The more I researched this book, the clearer it became that breastmilk is not only a feature of maternity wards and parental bedrooms, or even those well-lit corners of shopping centers and car parks from which breastfeeding mothers have frequently been ejected. The places and conditions in which women and children and men experience breastfeeding are far more varied and surprising than this. But the details of how we fit breastfeeding into our lives, or decide that it doesn't fit, are not well known. And the meaning of breastfeeding as opposed to its nutritional content is rarely discussed outside mothers' groups and pediatricians' waiting rooms.
Of the people I spoke to, most had succeeded in fitting breastfeeding into their lives, and often in surprising ways. Early on in my research, I came across a press clipping from March 1997, about a South African mother, Kristen Grobler, who had breastfed her poodle puppy while also breastfeeding her baby. I knew about tandem-feeding, in which twins are fed simultaneously, and sometimes older and younger siblings. I'd also read about women in Papua New Guinea nursing their piglets, as these are domestic animals in that country; and women in many countries in previous centuries, including Canadian Indians and white American women, who nursed puppies, either to nourish their pets, toughen their nipples, or keep up their supply. The mythic Romulus and Remus were nursed by a wolf; and it has recently emerged that a South American orphan who was "adopted" by a pack of dogs also drank their milk. But the Johannesburg mother landed this kind of breastfeeding squarely in our contemporary suburban landscape.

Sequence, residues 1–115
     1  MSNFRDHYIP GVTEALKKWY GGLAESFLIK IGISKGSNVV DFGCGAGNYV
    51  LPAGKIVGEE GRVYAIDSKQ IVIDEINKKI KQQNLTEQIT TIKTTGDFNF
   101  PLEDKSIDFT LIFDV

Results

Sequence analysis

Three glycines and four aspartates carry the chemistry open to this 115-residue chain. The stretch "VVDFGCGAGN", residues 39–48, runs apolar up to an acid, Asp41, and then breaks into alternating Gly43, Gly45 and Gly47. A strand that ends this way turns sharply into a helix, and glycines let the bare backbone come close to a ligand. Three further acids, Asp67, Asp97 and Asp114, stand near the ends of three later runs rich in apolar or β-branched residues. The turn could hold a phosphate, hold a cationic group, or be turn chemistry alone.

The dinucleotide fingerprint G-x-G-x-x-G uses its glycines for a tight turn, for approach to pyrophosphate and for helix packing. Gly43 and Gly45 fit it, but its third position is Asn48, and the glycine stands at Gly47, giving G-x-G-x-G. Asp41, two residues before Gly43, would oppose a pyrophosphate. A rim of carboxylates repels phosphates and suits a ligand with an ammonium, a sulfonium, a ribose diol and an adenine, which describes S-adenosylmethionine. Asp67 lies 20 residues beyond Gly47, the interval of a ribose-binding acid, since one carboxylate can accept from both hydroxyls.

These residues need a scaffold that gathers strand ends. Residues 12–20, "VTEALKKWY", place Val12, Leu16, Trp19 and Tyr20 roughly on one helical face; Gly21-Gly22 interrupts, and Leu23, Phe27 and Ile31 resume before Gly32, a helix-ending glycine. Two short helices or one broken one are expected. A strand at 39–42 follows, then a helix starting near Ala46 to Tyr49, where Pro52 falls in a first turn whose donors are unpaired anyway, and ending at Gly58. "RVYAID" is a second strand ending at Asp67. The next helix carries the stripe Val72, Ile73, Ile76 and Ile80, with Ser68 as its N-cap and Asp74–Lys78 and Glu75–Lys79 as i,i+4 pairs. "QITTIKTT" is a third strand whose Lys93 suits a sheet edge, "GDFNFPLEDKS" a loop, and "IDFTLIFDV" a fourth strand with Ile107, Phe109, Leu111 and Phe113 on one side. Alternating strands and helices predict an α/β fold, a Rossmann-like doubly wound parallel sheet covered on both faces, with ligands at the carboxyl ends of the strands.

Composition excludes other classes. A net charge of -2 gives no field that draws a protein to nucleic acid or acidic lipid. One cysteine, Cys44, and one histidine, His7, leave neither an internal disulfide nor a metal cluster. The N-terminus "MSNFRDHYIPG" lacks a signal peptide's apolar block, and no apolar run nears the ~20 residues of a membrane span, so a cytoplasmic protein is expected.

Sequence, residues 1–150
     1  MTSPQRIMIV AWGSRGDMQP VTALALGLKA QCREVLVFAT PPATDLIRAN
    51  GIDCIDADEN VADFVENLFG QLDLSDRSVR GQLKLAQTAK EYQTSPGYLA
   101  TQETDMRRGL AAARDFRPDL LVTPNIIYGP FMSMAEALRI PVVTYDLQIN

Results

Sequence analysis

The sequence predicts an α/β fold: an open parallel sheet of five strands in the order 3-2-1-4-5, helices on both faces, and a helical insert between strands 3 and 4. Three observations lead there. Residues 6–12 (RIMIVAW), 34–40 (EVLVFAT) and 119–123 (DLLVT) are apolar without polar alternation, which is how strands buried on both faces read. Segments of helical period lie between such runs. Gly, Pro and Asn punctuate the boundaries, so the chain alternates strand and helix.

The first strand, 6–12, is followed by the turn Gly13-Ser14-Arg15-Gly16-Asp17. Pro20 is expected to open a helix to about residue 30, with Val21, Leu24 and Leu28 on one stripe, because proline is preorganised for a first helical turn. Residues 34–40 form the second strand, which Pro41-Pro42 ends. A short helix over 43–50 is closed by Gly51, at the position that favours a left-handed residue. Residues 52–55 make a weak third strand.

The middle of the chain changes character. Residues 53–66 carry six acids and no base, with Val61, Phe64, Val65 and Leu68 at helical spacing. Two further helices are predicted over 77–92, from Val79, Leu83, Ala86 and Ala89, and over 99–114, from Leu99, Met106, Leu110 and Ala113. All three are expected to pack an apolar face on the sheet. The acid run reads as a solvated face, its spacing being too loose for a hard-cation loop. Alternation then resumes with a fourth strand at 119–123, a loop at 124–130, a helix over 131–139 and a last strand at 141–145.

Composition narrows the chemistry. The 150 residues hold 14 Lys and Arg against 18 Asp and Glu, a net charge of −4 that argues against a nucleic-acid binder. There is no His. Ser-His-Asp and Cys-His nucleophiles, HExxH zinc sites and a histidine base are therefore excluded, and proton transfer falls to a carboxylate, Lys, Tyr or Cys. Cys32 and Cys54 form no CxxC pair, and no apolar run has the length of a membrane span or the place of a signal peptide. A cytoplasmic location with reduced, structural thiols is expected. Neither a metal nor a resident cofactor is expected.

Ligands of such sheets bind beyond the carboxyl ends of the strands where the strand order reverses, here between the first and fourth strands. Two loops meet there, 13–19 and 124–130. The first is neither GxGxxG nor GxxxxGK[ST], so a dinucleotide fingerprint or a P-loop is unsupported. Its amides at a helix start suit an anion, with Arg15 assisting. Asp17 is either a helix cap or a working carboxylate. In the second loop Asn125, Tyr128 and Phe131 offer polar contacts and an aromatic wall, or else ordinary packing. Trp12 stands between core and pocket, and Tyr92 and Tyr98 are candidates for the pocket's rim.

Some of these events might be dismissed, in the normal course of life, as unnervingly weird. But it is curious to me why our mythology about women as producers of food from their own bodies is so incomplete. In the last twenty years we have begun to accept the full reality of women's bodies giving birth to their offspring as a cataclysmic, yet natural event neither an illness nor a disability. Yet we still balk at the idea of these same bodies making something that all of us can drink.